Wellness is generally used to mean a healthy balance of the mind, body and spirit that results in an overall feeling of well-being. It has been used in the context of alternative medicine since Halbert L. Dunn, M.D., began using the phrase high level wellness in the 1950s, based on a series of lectures at a Unitarian Universalist Church in Arlington, Virginia, in the United States. Dunn (196, p. 4) defined wellness as “an integrated method of functioning which is oriented toward maximizing the potential of which the individual is capable. It requires that the individual maintain a continuum of balance and purposeful direction within the environment where he is functioning.” He also stated that “wellness is a direction in progress toward an ever-higher potential of functioning” (p. 6). Dunn also described wellness as health being, “much more than the absence of disease remains a cornerstone concept of wellness today.” (Dunn, 787, p 7) Dunn saw wellness as hierarchical: there were lower levels of wellness and higher ones, and the aim was to move everyone up from where they started to high-level wellness. (Dunn, 789, p 8) The modern concept of wellness did not, however, become popular until the 1970s.
Alternative approaches to wellness are often denoted by the use of two different phrases: health and wellness, and wellness programs. These kinds of wellness programs offer alternative medicine techniques to improve wellness. Whether these techniques actually improve physical health is controversial and a subject of much debate. James Randi and the James Randi Educational Foundation are outspoken critics of this alternative new age concept of wellness. The behaviors in the pursuit of wellness often include many health related practices, such as making healthy lifestyle changes and utilizing natural therapies.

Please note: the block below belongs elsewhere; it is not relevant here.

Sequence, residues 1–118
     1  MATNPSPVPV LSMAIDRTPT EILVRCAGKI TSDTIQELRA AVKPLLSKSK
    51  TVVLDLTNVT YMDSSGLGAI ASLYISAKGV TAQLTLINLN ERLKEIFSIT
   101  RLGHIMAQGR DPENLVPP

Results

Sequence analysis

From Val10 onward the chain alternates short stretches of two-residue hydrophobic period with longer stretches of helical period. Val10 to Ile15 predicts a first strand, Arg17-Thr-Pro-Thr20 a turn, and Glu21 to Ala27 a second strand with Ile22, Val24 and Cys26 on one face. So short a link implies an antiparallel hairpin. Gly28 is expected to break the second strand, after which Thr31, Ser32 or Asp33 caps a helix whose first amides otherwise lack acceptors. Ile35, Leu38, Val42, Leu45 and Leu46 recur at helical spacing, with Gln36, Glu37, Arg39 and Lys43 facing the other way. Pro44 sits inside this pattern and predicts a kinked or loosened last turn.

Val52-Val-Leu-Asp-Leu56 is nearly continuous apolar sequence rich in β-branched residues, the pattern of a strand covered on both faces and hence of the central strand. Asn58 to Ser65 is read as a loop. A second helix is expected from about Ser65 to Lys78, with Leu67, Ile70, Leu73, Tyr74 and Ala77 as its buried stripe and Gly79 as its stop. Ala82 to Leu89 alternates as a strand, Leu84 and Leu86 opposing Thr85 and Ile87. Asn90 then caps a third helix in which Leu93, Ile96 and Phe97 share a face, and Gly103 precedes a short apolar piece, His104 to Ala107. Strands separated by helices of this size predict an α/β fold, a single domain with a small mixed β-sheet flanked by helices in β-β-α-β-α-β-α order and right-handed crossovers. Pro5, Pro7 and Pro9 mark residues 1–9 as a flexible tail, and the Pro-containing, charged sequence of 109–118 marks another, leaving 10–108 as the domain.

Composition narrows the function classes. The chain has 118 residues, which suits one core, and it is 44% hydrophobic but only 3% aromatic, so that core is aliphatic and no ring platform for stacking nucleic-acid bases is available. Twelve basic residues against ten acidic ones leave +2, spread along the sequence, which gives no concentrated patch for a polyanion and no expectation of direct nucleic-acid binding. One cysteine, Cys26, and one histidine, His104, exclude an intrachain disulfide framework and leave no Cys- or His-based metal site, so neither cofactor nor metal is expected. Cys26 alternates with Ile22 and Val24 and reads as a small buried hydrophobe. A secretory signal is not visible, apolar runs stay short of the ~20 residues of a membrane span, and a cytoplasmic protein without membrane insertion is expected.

Wellness, as a luxury pursuit, is found obviously in the more affluent societies because it involves managing the body state after the basic needs of food, shelter and basic medical care have already been met. Many of the practices applied in the pursuit of wellness, in fact, are aimed at controlling the side effects of affluence, such as obesity and inactivity. Wellness grew as a popular concept starting in the 19th century, just as the middle class began emerging in the industrialized world, and a time when a newly prosperous public had the time and the resources to pursue wellness and other forms of self-improvement.
from – https://en.wikipedia.org/wiki/Wellness_(alternative_medicine)